A sample text widget

Etiam pulvinar consectetur dolor sed malesuada. Ut convallis euismod dolor nec pretium. Nunc ut tristique massa.

Nam sodales mi vitae dolor ullamcorper et vulputate enim accumsan. Morbi orci magna, tincidunt vitae molestie nec, molestie at mi. Nulla nulla lorem, suscipit in posuere in, interdum non magna.

Minnesota Land Swap for Sulfide Mining Pollution

Minnesota Land Swap for Sulfide Mining PollutionMany words have been exchanged regarding the exchange of Minnesota trust fund lands that remain within the Boundary Waters Canoe Area Wilderness (BWCA). Politicians are lamenting the fact that these lands have not been able to generate money for the school trust fund through mining, logging, or leasing, and that this is an insult to all of the school children of the state.

As a matter of clarification, the state Constitution specifies that the Permanent School Fund must be managed for “maximum return,” not that the land itself must produce income. If anyone makes money on school trust lands, the money must then be used to benefit the fund. To draw from this interpretation, the Permanent School Fund (PSF) should have received a percentage of U.S. Forest Service BWCA permit fees.  Such a recreational fee was suggested in the 1990s, but rejected by Iron Range legislators, who instead wanted a land exchange in order to more aggressively log what is now Superior National Forest.

Also as a matter of clarification, the majority of school trust lands were sold by the early 1900s for agriculture and development. The PSF is now worth $750 million. Interest from the fund generates $26 per student, out of approximately $9000 allocated (state general fund, property taxes, Federal dollars) per student per year. The PSF contributes less than .3% per student.

In northeast Minnesota, much of the school trust lands are wetlands, forest, or designated Swamp Lands, which were never meant to generate money for the trust fund. While logging, leasing, land sales and iron mining have added to the fund over the years, a new type of mining dominates political discourse. Multinational mining companies are exploring the entire Superior National Forest, between Lake Vermilion and the North Shore, for previously unmarketable low grade copper-nickel sulfide mineralization. Despite the fact that mining of these sulfide ores would leave behind a trail of acid mine drainage, heavy metal pollution, and 99 percent waste rock, politicians grasp onto mining company projections of the financial benefits to the state while ignoring the long-term consequences and costs of perpetual water treatment and extensive and persistent pollution.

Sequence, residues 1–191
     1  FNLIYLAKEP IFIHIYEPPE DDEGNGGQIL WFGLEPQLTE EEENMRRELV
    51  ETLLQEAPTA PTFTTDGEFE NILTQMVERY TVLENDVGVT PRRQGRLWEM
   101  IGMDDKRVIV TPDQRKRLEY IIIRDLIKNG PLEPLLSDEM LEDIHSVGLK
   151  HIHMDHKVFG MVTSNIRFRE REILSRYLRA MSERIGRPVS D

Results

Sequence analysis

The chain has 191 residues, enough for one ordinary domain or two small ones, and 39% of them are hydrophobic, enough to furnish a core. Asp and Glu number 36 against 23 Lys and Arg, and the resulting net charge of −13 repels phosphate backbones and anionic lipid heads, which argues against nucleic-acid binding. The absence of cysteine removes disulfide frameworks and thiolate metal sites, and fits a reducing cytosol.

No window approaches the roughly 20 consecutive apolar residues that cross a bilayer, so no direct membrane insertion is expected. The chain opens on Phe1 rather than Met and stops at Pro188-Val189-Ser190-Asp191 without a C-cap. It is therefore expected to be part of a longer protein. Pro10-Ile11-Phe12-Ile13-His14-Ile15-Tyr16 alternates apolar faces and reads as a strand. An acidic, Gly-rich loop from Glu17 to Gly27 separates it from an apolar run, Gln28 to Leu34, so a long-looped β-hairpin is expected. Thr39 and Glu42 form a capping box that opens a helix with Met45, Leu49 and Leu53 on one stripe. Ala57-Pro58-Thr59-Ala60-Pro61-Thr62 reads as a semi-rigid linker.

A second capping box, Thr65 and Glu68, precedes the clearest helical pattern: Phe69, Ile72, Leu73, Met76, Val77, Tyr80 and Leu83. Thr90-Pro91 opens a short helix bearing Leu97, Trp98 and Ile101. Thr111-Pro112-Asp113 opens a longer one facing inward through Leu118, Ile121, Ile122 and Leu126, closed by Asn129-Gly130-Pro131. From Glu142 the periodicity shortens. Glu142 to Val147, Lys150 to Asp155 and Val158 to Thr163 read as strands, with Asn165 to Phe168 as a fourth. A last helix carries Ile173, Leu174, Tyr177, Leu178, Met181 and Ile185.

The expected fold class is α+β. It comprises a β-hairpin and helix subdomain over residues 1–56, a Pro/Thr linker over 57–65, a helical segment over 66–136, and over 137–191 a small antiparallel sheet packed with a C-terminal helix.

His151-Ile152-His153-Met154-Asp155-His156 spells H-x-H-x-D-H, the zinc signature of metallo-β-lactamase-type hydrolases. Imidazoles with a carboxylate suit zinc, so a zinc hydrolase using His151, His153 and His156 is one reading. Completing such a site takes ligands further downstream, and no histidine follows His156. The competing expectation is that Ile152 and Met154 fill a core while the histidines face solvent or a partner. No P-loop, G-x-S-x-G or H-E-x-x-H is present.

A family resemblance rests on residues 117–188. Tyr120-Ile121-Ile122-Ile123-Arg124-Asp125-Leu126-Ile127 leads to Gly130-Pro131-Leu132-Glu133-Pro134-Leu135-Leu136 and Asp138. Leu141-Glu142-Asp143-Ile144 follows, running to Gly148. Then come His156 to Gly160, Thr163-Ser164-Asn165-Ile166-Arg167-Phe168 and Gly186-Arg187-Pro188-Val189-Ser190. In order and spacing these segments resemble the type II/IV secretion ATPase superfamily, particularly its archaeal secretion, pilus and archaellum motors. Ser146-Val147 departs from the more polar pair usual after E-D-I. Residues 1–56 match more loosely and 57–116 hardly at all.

Jumping on the land-exchange bandwagon

If state land within the BWCA can be exchanged for federal land in Superior National Forest, that land loses many of its federal protections — including the Weeks Act, which prohibits open  pit strip mining; the Endangered Species Act; and other laws. This would facilitate the opening of a sulfide mine district within what is now Superior National Forest.

In 2012, the Minnesota Legislature passed SF 1750, which includes language enabling the federal government to proceed with a land exchange. Eighth District Rep. Chip Cravaack then introduced H.R. 5544, the Minnesota Education Investment and Employment Act. This bill authorizes a complete land exchange of the state lands held within the BWCA. It also incorporates language from SF 1750 giving priority to land that provides the most opportunity for revenue generation from mining.